Friday, March 13, 2009


My mentors have long assured me that I would reach this point, this level where I feel like I am just about to break through, just about to crest the ridge, just about to finish the final lap of the 1650, just about to….understand Catalan.

What they never told me, is that I would pass this point.

Threshold!  Alas!  You cannot hold me!!

That’s right, folks, I can finally understand Catalan.  The breakthrough happened late Wednesday night, when I found myself able to understand 90% of my professor’s lecture in Nationalism, Federalism, and Territorial Structures (the other 10% was a result of me zoning out).  Considering that the first lecture consisted of me mainly guessing at the subject that he was addressing based on nearly-universal cognates like “federalism” (federalisme), “modern states” (estats moderns), and “Juan Carlos I” (Joan Carles I), I applaud myself at my speedy absorption of the language.

Granted, I cannot yet produce the language, but passive fluency is definitely one of the stepping-stones to the natural acquisition of language.  Of course, my passive fluency is still selective, as my ability to understand Professor Miquel Caminal is no doubt partially due to the fact that I have become accustomed to his voice, speech habits, and lecturing style.  And besides, the highly-specialized vocabulary (see above) of the subject matter means that I really haven’t needed to expand my knowledge of Catalan words beyond a few prepositions and auxiliary verbs.  However, given the new confidence acquired Wednesday night, I have found myself able to respond to questions posed by Catalan speakers without first having to confusedly ask “¿Cómo?” and then have them switch to Castellano.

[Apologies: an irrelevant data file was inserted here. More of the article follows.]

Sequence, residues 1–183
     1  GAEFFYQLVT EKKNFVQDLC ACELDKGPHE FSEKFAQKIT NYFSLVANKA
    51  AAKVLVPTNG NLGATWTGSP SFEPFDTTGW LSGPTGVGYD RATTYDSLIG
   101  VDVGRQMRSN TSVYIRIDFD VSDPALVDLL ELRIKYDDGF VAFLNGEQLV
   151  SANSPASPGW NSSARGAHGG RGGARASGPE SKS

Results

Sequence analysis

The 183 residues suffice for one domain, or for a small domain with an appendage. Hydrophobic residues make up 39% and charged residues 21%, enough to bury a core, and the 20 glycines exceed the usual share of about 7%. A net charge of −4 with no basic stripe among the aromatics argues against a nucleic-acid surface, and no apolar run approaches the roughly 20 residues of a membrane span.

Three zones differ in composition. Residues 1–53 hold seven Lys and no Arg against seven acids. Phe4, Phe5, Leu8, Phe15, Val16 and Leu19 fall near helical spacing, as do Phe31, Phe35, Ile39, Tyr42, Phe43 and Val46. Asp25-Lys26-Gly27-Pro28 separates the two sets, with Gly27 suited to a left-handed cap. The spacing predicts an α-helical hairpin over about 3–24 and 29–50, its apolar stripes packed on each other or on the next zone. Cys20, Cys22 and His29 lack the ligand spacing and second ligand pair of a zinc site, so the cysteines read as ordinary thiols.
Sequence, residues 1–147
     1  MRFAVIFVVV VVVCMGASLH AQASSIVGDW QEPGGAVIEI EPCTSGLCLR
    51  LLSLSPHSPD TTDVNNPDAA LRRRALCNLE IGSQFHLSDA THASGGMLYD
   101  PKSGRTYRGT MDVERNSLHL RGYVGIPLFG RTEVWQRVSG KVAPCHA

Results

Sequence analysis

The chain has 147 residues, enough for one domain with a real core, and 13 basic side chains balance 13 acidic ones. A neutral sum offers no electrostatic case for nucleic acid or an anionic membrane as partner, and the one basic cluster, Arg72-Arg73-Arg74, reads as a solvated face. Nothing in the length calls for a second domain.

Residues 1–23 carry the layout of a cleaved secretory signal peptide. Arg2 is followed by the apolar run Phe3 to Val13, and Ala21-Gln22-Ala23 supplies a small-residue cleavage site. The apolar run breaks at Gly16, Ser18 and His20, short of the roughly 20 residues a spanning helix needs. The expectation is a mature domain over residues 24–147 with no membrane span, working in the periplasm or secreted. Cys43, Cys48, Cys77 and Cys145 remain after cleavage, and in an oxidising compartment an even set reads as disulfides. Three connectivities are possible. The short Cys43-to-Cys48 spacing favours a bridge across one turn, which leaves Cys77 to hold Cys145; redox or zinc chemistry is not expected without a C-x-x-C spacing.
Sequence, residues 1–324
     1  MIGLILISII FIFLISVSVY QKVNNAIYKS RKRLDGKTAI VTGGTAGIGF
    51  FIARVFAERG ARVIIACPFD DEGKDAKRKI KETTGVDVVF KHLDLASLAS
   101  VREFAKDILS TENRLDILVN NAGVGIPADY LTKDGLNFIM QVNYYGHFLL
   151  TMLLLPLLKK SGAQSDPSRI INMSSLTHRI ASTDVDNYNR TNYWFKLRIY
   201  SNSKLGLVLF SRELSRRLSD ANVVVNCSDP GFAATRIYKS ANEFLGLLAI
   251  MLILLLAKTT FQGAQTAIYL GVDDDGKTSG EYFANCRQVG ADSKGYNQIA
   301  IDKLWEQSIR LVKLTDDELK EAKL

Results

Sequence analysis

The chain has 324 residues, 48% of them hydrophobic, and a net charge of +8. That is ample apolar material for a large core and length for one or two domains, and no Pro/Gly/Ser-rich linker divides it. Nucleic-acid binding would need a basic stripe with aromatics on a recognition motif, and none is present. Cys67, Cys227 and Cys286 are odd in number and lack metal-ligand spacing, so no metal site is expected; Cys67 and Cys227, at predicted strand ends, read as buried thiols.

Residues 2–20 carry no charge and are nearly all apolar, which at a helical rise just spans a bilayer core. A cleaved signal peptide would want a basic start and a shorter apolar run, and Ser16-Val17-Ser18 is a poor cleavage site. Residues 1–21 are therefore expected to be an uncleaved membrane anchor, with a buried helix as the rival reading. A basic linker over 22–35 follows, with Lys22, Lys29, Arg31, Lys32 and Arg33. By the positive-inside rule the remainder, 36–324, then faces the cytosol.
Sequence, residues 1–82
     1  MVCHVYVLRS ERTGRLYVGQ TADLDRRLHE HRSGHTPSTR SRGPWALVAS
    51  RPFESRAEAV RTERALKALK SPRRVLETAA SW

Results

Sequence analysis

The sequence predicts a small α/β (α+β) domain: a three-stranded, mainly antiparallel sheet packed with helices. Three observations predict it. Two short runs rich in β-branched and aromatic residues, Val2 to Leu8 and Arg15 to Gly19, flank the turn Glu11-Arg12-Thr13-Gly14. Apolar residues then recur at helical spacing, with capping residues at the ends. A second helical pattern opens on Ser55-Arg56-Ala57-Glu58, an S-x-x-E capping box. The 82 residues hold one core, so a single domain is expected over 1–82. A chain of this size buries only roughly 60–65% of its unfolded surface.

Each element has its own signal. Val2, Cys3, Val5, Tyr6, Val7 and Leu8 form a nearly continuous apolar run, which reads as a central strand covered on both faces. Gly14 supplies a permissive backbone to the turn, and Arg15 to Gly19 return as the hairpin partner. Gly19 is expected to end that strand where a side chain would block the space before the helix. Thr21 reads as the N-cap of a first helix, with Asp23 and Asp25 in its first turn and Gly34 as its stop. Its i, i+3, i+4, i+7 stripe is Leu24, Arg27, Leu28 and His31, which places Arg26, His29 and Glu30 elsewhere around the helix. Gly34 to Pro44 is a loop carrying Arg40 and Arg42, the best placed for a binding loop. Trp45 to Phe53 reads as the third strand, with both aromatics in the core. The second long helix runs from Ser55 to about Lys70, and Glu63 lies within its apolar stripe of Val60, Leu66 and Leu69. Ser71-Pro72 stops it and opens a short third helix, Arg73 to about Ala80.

Likewise, my confidence and proficiency in Spanish has increased dramatically.  With the exception of my friend from Andalucia, I am able to understand virtually any Spanish speaker.  This of course creates comical situations in the classroom, where the students to whom I teach conversational American English believe I do not understand Spanish.  I was unable to contain my laughter when three thirteen-year-old girls proceeded to bicker among themselves as to whether or not they should ask if I am gay.

Pues, no tiene novia...”

Y lleva una camisa mojada…”

“¿Quizás sea gay?”

Instead, they proceeded to ask me if I lived in a house or an apartment building. 

As of right now, I have only optimism for my future acquisition of Catalan and perfection of Castellano.  A most excellent opportunity has afforded itself this coming Sunday, when I plan to attend a calçotada, some form of Catalan barbeque involving the countryside, onions, and bibs.  Although attending involves my waking up at some 7:00am on a Sunday (I have to catch the 8:40 Renfe out of Sans Estació, itself a 30-minute metro-ride away), I could not turn down the generosity of Ángels, the director of the English department at the high school where I volunteer.   Besides, when else will I have the opportunity to attend such a distinct cultural phenomenon?


  1. quizas sea gay - priceless! did they realize that you could understand by your laughter?

  2. oh. me encantó este último párrafo. la anécdota de la clase, con la camisa mojada... :)))

    espero que haya valido la pena levantarse tan pronto!ya le enseñaré el bloc a Àngels, que le hará ilusión ;).